A Hawaii-based app developer is suing a competitor for patent infringement, setting the stage for a major court battle between two leaders in the photo animation space.
Plotagraph Inc., maker of a suite of products sold under the Plotaverse brand, claims Lightricks Ltd., has been using technology developed by Plotagraph in its popular apps used to animate still photos or elements of the photos to create surrealistic images where things like waves, clouds, staircases and waterfalls move amidst otherwise still pictures.
In May 2018, not long after the Plotagraph app became the No. 1 app for photo and video sold on the Apple app store in 2017, company co-founders Troy Plota and Sascha Connelly moved to Wailea, Maui.
The company at the time was gaining traction with artists and influencers. Fans included Michael Muller, a Hollywood photographer who has produced iconic celebrity portraits and posters for clients like Marvel Studios, and Paris Hilton, who got millions of views on an Instagram post she made with the app. The pop singer Ariana Grande used a Plotagraph portrait on her Instagram page to promote her cover appearance on Elle magazine.
Lightricks entered the market at around that time with its own product, then called Pixaloop. In the past few years, Plotagraph has continued to grow, adding features to its app and expanding its social networks of avid artists and followers. But Jerusalem-based Lightricks has also been on a growth path with its own suite of products.
The problem, according to Plotaverse, is that much of Lightricks’ growth has come from ripping off Plotagraph.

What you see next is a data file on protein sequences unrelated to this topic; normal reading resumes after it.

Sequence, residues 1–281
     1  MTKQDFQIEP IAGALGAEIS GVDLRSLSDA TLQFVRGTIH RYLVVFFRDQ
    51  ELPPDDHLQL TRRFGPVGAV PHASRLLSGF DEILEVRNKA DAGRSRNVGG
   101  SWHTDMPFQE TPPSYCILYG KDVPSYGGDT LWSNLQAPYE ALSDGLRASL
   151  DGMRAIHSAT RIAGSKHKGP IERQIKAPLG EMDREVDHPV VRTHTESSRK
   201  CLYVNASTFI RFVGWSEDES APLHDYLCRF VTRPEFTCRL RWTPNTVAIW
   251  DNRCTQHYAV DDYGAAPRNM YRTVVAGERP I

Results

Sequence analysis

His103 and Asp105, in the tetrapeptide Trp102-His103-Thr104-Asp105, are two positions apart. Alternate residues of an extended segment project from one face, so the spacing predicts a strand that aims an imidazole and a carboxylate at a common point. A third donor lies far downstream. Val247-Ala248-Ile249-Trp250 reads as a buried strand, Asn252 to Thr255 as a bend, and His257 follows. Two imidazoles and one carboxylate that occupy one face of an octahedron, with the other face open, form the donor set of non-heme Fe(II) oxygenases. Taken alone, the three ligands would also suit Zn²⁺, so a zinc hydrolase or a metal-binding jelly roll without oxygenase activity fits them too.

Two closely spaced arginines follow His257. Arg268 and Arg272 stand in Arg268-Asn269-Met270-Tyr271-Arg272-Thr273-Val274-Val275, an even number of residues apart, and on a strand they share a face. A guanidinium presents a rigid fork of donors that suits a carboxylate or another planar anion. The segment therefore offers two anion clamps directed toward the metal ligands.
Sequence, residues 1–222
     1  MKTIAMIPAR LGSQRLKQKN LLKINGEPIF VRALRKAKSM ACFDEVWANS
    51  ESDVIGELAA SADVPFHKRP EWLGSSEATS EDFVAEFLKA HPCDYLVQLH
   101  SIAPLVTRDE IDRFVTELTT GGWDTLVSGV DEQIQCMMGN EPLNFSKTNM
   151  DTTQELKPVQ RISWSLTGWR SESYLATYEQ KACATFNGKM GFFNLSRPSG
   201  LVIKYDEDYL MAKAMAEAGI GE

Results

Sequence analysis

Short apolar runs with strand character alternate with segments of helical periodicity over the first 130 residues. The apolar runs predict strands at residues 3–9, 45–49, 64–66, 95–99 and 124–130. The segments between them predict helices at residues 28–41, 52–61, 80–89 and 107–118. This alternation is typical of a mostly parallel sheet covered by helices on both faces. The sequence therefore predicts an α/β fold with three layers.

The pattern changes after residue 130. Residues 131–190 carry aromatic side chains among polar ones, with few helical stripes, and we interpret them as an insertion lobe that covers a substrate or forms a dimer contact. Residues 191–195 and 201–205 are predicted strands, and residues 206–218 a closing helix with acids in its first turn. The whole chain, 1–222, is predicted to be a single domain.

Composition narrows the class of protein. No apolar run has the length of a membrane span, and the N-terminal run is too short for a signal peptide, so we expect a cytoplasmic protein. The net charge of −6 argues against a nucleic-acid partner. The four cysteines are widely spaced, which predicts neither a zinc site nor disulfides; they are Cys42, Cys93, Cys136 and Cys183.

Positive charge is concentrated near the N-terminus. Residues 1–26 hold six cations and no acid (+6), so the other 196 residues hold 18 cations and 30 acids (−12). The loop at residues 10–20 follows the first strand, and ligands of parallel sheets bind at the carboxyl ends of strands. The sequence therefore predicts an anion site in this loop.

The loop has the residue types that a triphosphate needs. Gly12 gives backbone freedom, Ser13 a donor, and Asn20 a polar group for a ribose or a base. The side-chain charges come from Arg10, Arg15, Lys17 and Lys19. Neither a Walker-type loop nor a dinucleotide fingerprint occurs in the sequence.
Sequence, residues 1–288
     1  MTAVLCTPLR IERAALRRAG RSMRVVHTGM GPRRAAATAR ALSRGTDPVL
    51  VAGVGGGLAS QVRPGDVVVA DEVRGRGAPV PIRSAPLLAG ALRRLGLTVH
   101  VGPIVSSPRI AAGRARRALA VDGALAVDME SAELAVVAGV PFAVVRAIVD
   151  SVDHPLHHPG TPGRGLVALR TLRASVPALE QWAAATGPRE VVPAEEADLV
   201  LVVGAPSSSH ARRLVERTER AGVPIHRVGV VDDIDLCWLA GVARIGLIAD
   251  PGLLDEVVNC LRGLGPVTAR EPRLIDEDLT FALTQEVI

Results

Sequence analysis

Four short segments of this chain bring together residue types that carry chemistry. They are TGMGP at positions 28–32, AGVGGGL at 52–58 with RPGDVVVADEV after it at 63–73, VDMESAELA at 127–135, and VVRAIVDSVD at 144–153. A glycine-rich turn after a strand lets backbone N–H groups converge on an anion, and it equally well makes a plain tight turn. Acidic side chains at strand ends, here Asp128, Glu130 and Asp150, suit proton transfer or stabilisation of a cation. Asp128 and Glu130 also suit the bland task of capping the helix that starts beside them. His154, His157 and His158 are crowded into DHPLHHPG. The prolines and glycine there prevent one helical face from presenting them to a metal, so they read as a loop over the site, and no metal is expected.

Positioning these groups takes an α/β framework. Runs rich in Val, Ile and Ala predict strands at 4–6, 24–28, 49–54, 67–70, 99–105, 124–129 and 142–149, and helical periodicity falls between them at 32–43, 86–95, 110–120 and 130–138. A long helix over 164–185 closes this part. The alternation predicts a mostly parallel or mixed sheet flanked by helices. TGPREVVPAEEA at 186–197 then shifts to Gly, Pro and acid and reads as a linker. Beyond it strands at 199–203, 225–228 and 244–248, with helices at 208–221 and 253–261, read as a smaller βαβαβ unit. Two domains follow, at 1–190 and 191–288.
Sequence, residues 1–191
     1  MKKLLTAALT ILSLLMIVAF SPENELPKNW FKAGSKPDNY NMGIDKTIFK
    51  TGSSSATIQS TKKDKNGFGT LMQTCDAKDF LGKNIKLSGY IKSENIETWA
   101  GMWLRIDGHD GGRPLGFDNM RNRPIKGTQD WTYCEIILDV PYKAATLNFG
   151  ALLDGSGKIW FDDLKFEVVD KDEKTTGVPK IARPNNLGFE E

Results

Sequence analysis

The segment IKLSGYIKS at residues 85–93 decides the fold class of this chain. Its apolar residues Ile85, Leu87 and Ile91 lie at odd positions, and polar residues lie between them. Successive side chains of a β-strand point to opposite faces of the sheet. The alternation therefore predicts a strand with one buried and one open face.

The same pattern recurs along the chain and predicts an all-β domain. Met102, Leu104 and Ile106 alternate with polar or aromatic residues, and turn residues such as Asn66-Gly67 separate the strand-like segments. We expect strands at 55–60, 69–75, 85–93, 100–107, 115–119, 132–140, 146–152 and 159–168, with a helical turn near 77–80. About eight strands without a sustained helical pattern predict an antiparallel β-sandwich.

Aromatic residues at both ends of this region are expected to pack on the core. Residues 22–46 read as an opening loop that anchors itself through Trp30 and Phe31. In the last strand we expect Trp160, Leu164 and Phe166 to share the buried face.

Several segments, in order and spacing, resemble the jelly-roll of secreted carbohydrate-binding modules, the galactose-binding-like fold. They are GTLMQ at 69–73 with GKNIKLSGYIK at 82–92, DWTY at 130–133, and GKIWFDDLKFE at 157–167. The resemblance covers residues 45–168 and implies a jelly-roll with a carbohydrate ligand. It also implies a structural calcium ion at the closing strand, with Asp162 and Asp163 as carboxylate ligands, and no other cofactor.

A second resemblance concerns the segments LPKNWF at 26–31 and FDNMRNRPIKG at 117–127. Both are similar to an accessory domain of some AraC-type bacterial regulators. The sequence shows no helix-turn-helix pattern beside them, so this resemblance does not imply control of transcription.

“Defendant Lightricks began in early September of 2018 to sell, offer for sale or import into the United States at least one infringing computer program or ‘App’ originally named ‘Pixaloop,’” the suit alleges. “Pixaloop, like Plaintiffs’ ‘Plotagraph’ App, allowed users to select a set of pixels which would then be animated by the Pixaloop App to appear to have motion.”
The suit asserts that the Pixaloop app, which was later named “Motionleap,” used many of the features that Plotagraph uses, like “anchors” and “masks” that creators plot on their images to prevent those elements from becoming animated.
According to the suit, programs using Plotagraph’s patented technology – covered by two patents — were downloaded from the Apple App Store or the Google Play Store about 1.2 million times in October alone.
“Applying the same number for the 28 months back to when the first Plotagraph patents were issued, that is 33,600,000 downloads,” the suit says. Factoring royalty rates of $1 per patent, the suit calculates reasonable damages amount to $67,200,000.